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Warning “sexy ladies” about their outfits doesn’t make you anti-rape culture

Warning “sexy ladies” about their outfits doesn’t make you anti-rape culture

Over the weekend, the hashtag #HijaAko trended on Twitter after musician Frankie “Kakie” Pangilinan argued against broadcaster Ben Tulfo’s tweet to her on preventing rape, where Tulfo also called her “hija.” Now, Tulfo’s defending his statement—and also called out Inquirer and Rappler for allegedly posting fake news.


“Hija @kakiep83 , a rapist or a juvenile sex offender’s desire to commit a crime will always be there. All they need is an opportunity, when to commit the crime. Sexy ladies, careful with the way you dress up! You are inviting the beast,” read Tulfo’s tweet last June 13. 


To this, Pangilinan responded that rape culture is “a product of this precise line of thinking, where the behavior is normalized, particularly by men,” that outfits should not be deemed as an “opportunity,” and that calling her “hija” will not belittle her statement. 

The following day, Tulfo defended his statement, denying that he placed blame on anyone. “Let’s get it straight, this is not a blame game. I said, let’s not awaken the beast within the criminals.” Tulfo also adds that he is “pro-victim,” and claims that Inquirer and Rappler’s reports are fake news.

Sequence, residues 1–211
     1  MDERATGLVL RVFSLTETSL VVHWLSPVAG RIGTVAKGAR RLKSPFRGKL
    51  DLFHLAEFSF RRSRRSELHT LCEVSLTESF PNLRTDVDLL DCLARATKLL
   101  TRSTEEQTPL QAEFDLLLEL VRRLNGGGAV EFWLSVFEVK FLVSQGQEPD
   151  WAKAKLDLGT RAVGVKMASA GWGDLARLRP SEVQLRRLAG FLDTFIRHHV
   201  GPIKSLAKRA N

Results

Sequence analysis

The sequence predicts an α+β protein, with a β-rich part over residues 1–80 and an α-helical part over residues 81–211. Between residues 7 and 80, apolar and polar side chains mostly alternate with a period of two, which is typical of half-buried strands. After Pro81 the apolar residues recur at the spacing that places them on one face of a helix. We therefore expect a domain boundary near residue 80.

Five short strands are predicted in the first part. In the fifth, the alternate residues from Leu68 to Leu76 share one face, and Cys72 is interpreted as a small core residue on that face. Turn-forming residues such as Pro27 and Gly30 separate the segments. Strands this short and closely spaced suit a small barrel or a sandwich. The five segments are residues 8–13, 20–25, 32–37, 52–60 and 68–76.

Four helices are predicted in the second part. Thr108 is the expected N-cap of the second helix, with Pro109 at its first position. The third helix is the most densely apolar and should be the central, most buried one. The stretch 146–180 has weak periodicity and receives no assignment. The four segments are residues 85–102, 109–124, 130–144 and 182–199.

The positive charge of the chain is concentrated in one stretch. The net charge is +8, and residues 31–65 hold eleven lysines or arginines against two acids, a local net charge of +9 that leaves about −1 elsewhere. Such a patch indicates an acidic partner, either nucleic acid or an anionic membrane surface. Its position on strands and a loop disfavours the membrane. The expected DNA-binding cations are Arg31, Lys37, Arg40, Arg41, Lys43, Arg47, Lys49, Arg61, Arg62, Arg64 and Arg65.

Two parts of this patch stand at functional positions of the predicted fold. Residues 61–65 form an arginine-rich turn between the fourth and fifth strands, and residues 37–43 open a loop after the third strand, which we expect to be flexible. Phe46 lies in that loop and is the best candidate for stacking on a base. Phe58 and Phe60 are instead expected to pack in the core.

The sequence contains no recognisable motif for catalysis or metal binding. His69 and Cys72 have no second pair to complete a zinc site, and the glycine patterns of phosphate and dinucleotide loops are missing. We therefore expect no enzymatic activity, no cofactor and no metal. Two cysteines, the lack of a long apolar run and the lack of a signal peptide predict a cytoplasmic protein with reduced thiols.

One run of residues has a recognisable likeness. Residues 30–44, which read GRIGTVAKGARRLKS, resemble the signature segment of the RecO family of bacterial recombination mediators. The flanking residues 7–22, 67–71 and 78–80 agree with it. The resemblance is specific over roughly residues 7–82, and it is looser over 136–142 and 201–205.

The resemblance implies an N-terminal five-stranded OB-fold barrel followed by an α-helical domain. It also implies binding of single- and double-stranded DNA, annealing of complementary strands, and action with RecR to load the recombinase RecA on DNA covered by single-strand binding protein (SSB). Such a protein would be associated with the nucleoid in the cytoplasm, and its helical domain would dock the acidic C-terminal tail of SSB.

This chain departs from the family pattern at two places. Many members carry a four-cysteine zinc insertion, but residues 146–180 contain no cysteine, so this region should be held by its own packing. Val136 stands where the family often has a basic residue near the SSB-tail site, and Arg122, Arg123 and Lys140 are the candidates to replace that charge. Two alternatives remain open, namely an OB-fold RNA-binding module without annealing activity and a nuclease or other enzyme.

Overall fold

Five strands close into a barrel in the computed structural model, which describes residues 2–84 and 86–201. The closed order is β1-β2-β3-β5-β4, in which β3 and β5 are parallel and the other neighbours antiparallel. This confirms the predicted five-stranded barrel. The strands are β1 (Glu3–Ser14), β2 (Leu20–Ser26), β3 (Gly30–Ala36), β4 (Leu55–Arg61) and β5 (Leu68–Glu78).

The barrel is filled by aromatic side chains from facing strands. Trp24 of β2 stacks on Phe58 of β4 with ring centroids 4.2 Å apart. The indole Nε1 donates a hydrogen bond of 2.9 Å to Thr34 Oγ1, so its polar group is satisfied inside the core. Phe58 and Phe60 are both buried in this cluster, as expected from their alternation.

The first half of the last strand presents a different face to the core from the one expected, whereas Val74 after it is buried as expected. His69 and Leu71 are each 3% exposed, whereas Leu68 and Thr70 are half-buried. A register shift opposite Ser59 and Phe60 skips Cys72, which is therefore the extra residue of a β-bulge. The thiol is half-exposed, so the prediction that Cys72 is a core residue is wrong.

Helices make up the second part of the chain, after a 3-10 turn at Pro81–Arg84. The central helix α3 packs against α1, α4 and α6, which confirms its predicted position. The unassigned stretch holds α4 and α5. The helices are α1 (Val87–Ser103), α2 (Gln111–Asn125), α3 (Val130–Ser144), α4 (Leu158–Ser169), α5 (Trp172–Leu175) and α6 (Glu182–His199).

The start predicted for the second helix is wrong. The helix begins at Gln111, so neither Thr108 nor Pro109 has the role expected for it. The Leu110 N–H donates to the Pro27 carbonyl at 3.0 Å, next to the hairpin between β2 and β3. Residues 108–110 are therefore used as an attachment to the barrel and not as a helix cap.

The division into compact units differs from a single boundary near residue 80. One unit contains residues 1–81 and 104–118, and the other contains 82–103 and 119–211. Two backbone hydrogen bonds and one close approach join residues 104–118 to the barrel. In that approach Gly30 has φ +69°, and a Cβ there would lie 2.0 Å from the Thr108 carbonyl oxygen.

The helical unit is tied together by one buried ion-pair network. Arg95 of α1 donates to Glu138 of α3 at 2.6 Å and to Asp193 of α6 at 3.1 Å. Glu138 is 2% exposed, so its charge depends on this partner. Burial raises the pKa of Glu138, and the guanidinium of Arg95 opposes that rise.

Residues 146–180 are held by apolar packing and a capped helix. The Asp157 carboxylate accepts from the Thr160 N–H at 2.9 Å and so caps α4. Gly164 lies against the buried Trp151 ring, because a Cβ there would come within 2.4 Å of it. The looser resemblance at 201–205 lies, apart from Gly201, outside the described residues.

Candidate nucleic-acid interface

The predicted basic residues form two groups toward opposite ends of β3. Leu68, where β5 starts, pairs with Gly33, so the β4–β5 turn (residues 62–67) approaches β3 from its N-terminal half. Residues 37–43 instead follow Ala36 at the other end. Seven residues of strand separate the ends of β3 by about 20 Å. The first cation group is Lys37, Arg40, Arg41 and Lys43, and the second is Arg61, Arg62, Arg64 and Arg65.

Tulfo then explained on his show “Bitag” this morning that he was merely presenting the “psychology” of sexual deviants. “Ipinaglalaban ko nga eh! Para i-expose ’yung utak ng isang kriminal kung paano mag-isip, para ’di tayo mabiktima, ’wag tayo maisahan, bagkus wais tayo,” he says.

Here’s where it gets complicated. The problem with Tulfo’s sentiments is that he—a journalist, broadcaster and father, as he often points out—continues to prescribe prevention to the women, all the while carrying the responsibility of his influence. His original tweet was aimed to warn “sexy ladies,” and implied that they then, to some degree, become complicit to rape should they dress a certain way.

“Let’s not awaken the beast,” he also says, again placing responsibility on innocent civilians. It’s apparently up to us to be “wais,” up to us to “outsmart” sexual deviants. It is the innocent party who should adjust to the “psychology” of the harasser. Although Tulfo did not explicitly blame victims, doesn’t “warning” them about their clothing then place undue responsibility?

It is through careless and insidious rhetoric that rape culture continues to thrive. Claiming to not support rape culture is not enough—it’s not even the bare minimum. The true fight against rape culture means examining and understanding the subtle, unconscious ways one upholds this system. You know, like telling “sexy ladies” to be careful not to arouse a rapist.

Photo by Richard Potts

Read more:

#WhyIDidntReport trends ’cause the fight against rape is far from over

Someone is raped every hour in the Philippines—it’s disturbing

Here’s a reminder that rape only happens because of rapists

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Giselle Barrientos
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